Different cultures unite for Buddha’s birthday
by Venice Buhain, The Olympian, June 3, 2007
Olympia, WA (USA) -- A patchwork of colors, styles and cultures at Saint Martin’s Pavilion on Sunday marked the 2,551st anniversary of the birth of the Buddha.
<< Buddhist monks from all over the globe, including Sri Lanka, chant at the foot of the shrine honoring the birthday of the Buddha during an afternoon celebration Sunday at Saint Martin’s Pavilion. Steve Bloom/The Olympian
It was the first time that the South Sound Buddhist temples and meditation groups got together to celebrate the birthday of Siddhartha Gautama, whose teachings led to the different forms of Buddhism today.
“We got together all the different cultures — Thai, Vietnamese, Cambodian, American — to celebrate Buddha’s birthday,” said Bhante Siyabalagoda Ananda of Buddhist Association of Olympia, which meets at the Lien Hoa temple. “When I got here 10 years ago, there was only Lien Hoa. But now there are about a dozen groups that practice Buddhism.
Ananda called up the different groups to organize the birthday celebration, including groups such as the Wat Prachum Raingsey temple of Yelm, which has services in Cambodian; the Seattle Meditation Center, which hosts retreats for young men and women; and the Olympia Meditators, which is an informal group that meets weekly.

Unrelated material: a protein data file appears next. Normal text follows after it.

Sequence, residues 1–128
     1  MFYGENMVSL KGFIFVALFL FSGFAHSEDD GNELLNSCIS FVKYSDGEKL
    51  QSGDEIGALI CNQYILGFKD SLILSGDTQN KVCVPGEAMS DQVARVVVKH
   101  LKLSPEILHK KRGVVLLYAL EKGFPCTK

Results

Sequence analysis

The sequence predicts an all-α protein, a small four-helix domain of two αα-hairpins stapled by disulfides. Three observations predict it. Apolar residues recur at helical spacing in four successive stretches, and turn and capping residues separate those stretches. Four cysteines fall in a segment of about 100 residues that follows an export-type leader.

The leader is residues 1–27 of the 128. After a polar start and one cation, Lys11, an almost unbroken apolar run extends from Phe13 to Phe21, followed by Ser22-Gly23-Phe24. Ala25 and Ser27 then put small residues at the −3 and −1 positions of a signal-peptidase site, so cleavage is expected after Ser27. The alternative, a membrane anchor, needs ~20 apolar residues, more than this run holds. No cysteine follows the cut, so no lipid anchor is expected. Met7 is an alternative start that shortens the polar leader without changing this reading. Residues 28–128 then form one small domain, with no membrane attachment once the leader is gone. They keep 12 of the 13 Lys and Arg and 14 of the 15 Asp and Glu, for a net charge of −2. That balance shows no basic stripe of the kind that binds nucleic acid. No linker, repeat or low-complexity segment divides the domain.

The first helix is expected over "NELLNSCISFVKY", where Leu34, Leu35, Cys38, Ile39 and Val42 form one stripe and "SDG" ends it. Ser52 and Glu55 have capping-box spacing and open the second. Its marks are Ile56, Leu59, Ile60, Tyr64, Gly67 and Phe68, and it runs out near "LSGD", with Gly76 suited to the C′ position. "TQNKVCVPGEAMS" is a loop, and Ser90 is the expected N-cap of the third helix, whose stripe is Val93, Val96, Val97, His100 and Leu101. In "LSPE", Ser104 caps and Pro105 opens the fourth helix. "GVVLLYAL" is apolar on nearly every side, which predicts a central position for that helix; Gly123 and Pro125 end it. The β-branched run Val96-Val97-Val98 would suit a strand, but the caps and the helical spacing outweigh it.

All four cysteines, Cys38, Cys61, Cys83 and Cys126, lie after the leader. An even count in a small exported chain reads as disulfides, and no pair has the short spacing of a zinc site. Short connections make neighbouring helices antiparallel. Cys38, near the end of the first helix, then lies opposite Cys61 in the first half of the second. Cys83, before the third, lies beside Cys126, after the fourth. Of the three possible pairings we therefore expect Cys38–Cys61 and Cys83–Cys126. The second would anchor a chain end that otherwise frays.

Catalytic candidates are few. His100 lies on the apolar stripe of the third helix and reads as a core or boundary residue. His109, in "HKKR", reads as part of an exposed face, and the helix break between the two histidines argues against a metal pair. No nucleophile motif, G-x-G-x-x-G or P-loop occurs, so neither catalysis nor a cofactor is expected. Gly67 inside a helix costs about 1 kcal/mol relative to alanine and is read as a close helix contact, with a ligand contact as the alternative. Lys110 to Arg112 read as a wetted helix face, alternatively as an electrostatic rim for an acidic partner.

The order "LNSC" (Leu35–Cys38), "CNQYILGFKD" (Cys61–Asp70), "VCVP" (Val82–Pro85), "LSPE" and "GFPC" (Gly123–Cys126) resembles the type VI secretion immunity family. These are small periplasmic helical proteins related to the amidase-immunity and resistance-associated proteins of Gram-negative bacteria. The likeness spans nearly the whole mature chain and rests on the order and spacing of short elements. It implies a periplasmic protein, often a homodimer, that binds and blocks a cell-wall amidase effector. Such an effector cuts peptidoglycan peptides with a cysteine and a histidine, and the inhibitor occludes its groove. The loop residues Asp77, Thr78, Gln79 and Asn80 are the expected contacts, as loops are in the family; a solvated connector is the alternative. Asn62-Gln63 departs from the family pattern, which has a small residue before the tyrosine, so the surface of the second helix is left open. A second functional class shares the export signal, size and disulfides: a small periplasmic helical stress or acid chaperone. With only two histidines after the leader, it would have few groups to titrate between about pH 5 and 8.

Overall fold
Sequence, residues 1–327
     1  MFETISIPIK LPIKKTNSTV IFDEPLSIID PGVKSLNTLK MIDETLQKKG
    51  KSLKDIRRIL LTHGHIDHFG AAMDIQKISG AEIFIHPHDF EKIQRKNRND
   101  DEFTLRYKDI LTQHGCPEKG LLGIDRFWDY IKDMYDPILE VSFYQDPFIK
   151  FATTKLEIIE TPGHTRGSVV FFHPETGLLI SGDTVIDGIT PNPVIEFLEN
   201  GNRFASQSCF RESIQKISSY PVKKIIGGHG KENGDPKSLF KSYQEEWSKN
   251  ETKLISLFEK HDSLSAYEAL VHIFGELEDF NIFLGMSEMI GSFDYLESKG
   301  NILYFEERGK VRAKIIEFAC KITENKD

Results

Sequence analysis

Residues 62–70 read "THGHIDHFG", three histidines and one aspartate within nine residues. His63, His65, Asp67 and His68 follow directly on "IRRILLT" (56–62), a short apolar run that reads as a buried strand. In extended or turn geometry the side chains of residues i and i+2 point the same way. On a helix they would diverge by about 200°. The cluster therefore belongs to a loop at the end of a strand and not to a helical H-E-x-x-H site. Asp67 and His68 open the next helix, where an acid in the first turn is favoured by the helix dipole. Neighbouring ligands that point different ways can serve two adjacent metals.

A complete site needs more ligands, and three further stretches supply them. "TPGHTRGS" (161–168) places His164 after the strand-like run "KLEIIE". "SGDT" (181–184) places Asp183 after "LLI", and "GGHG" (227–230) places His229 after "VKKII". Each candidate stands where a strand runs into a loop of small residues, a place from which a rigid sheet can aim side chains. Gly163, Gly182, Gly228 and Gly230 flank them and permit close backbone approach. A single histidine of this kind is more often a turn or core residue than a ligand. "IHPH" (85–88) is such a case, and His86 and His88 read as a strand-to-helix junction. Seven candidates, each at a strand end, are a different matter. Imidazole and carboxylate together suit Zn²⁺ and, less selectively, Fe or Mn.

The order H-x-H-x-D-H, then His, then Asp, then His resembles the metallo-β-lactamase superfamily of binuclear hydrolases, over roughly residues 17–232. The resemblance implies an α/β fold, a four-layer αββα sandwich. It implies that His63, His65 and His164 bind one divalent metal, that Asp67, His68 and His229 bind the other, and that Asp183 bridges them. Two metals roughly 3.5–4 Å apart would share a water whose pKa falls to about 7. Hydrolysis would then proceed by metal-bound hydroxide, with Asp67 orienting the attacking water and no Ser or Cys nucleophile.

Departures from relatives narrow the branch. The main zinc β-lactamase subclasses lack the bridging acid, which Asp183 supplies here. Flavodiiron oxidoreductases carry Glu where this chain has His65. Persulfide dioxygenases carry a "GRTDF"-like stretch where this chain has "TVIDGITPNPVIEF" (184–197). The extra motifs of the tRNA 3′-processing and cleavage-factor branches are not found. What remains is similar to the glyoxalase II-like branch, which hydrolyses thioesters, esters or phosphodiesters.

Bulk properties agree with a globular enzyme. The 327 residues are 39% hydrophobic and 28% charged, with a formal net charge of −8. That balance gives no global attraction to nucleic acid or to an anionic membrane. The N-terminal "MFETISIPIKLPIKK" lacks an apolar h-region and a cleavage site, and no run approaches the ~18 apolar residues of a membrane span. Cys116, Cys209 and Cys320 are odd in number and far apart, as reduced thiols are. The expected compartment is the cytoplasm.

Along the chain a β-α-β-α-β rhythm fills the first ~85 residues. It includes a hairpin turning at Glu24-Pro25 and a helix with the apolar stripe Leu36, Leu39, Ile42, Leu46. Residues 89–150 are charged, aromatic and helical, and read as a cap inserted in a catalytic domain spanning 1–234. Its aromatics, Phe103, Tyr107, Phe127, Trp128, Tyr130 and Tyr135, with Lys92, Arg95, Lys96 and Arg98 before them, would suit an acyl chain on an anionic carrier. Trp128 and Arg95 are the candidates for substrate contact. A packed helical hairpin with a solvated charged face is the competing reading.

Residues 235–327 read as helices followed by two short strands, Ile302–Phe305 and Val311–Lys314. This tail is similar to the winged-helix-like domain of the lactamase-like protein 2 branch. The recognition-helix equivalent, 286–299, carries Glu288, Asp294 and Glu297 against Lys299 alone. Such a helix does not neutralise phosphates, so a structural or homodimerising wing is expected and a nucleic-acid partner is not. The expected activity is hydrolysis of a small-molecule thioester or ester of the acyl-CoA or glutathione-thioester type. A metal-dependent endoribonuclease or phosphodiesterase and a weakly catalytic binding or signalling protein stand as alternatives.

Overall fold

“Our temple usually has its own celebration on the birthday; sometimes it will bring people from Tacoma and Kirkland,” said Kunth Plong of the Wat Prachum Raingsey temple in Yelm. “Today, we’re gathering together different nations to celebrate at the same time.”
Bringing the groups together exposes different types of worship to people in the community and to each other.
“It’s also here to show the community at large the differences between the traditions, too,” Jeff Miles, a monk at Open Gate Zendo, said. “Our display is quite simple, but others are really brightly colored.”
“The diversity of Buddhists is amazing,” said attendee Nancy Sullivan, who leads a study and meditation group in west Olympia. “We tend to see our own little groups. It’s good to see other people’s interpretation of Buddhism.”